The FBI said last week that it failed to investigate a tip just weeks before the shooting warning that Cruz could potentially carry out a school shooting, which was only the latest warning sign that came to the attention of local, state and federal authorities.
More Americans believe the mass shootings that periodically transform this country’s public spaces into war zones reflect problems finding and treating people with mental health issues, the poll found.
More than three-quarters of Americans (77 percent) believe that better mental health efforts could have prevented the Florida massacre, while more than half of Americans (58 percent) say stricter gun control laws could have stopped it. A slim majority (51 percent) of Americans think the shooting could not have been prevented by allowing teachers to carry guns, an idea mentioned in an interview with Education Secretary Betsy DeVos.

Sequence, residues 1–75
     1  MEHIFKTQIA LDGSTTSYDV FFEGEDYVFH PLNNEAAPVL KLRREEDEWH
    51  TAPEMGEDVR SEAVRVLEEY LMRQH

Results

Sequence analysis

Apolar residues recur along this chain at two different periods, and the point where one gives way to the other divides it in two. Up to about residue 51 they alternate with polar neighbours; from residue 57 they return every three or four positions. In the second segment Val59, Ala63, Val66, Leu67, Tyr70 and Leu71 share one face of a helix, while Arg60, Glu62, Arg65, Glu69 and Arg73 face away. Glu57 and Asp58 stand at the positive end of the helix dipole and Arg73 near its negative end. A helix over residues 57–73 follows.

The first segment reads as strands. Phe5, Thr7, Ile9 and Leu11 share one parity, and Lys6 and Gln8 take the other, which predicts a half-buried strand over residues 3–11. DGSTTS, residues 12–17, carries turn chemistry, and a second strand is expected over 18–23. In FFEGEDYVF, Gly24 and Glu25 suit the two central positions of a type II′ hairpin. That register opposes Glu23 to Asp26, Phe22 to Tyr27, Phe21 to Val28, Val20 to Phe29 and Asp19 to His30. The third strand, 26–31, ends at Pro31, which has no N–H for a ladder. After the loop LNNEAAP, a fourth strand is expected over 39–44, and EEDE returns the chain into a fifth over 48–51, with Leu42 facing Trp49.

Cruz had repeatedly come to the attention of police, school officials and mental-health authorities, according to state reports, school records and public officials.
The Florida Department of Children and Families (DCF) investigated Cruz’s home life in 2016 but closed the inquiry after determining that his “final level of risk is low,” despite learning that the teenager had behavioral struggles and was planning to buy a gun, according to an investigative report.